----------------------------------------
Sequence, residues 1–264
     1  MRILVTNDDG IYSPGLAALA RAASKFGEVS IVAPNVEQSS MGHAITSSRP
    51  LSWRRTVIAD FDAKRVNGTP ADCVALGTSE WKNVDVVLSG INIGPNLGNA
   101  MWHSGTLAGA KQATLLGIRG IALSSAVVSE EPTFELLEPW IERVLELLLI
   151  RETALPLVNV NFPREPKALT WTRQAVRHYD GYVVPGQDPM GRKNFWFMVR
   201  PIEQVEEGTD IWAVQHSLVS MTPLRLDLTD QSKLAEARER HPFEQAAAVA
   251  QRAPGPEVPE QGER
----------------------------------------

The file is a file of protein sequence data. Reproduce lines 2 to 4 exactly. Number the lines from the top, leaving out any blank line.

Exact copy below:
     1  MRILVTNDDG IYSPGLAALA RAASKFGEVS IVAPNVEQSS MGHAITSSRP
    51  LSWRRTVIAD FDAKRVNGTP ADCVALGTSE WKNVDVVLSG INIGPNLGNA
   101  MWHSGTLAGA KQATLLGIRG IALSSAVVSE EPTFELLEPW IERVLELLLI